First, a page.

Q. How did you get started in your medium?
A. As a Graphic Designer in the 1980’s I was occasionally asked to produce illustrations. In those days we had little more than basic clip art so it was up to us, the Designers, to produce illustrations when they were required. Watercolour for me was the obvious choice at the time because it was easily accessible, less messy than other mediums, quick, and cheap. I have to say I wasn’t very good since I had no experience at all in the medium. When I gave up my career at the age of 35 to become a full-time mum, I picked up a paintbrush only a handful of times in the subsequent 20 year period and this was mainly during Summer holidays and only in small sketchbooks but I already knew that I loved the medium.
Q. What is the biggest influence on your Art?
A. Without a shadow of a doubt, it’s the Internet. Without this, I would have had no access at all to any of the wonderful Watercolour Artists around the world and I doubt very much I’d be doing what I love today.
Q. Did Art play a role in your childhood?
A. Yes, most definitely. My paternal Grandfather was a Potter turned Pottery teacher/lecturer at Keele University and I remember him not approving of me having traditional and what he considered to be restricting colouring books. He preferred that I drew pictures myself and so I was always drawing and copying pictures from various nature calendars. My Mother too, a Primary School Teacher at the time was artistic, her classroom displays were so creative, colourful and the envy of others. I remember many a time being excused from Maths to help my teacher ( not my Mum I must add) with our own classroom displays or collages to compete with my Mum’s.
Q. Who is your favourite Artist?
A. My favourite Artists are all contemporary Artists and there are many I love and respect but my number 1 is Australian Master of Watercolour Joseph Zbukvic.
Q. How does Art impact your life?
A. I took up my paintbrushes seriously at the age of 50 because I was suddenly desperate to rekindle the love of Art I had in my 20’s. I started sketching again and using Watercolours, then progressed quite quickly to painting larger pieces. My passion for the medium flourished quickly thanks to the Internet and by this time I had over 100 paintings so in July 2017 I decided to open a studio at home. My best decision since having my children. It is my absolute haven and Art has been a real therapy especially through these unprecedented times of Covid. It gives me so much pleasure, a purpose, a goal, and a future. It gives me back that sense of who I was as a Graphic Design student, who I am now, and who I want to be.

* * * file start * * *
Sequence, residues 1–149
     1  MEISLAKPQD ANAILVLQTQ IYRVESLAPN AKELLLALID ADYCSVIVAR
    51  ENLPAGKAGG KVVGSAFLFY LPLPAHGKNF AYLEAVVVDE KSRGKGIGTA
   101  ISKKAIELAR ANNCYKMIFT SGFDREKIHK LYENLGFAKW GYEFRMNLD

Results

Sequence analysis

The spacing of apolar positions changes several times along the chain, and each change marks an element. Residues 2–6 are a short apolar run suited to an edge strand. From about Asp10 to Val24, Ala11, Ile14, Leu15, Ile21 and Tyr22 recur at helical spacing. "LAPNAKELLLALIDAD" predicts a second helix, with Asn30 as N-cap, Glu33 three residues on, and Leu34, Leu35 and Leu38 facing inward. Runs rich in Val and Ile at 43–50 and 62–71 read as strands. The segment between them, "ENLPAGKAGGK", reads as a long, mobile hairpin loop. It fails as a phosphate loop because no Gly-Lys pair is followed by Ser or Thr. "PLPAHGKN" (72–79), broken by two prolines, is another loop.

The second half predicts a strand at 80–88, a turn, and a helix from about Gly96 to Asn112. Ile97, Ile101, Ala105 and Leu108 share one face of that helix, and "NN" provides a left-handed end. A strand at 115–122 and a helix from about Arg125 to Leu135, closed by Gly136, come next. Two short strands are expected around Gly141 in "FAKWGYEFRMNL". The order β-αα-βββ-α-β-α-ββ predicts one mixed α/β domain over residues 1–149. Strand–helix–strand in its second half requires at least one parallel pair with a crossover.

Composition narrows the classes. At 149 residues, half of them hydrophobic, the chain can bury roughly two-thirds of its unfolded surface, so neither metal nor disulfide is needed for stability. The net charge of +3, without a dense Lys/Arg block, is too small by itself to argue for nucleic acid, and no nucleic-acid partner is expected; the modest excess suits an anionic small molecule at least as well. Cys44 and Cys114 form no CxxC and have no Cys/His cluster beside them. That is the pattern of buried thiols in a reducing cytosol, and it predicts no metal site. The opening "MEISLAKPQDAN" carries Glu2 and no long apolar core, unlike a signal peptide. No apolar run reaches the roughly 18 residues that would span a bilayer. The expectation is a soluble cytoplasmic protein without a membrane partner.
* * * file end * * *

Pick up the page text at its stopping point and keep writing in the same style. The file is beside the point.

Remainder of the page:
Q. What inspires your Art?
A. Anything can trigger inspiration, for me, it’s purely a visual thing rather than emotional. I generally finish a painting in a couple of days and so there’s really no time for emotional attachment to any piece unless it’s a Family portrait of course. I don’t paint to express my feelings or emotions and my paintings have no ‘meaning’. I see an image, a scene, an object and simply want to capture it in Watercolour. I’m attracted by subject matter, light, shadow, and movement in all it’s forms and inspired greatly by the amazing Watercolour Artists I see around me.
Q. Do you ever get bored with painting and what do you do about that?
A. I honestly never get bored indeed I wasn’t allowed to say the word
‘bored’ as a child. For the purpose of answering the question though, what I will say is that I have never had an issue painting my own pictures. I have a varied subject matter so can just swap to another theme if I feel the need for a change. Commissions, however, can be far more of a challenge as they’re generally not my preferred subject matter and not one I’d necessarily choose to paint. Having said that, the beauty of some commissions is in taking poor quality photographs and transforming them into paintings fit to display.
All of the above images are copyright Beth Watkins and shared here with permission.
Try it Yourself
Paint a pond at sunset with Thefrugalcrafter.
You will need:
3 colors of watercolor paint (red, yellow, blue)
large, flat brush
thin, round brush
2 jars of water (1 for cleaning the brush and 1 for wetting the paints)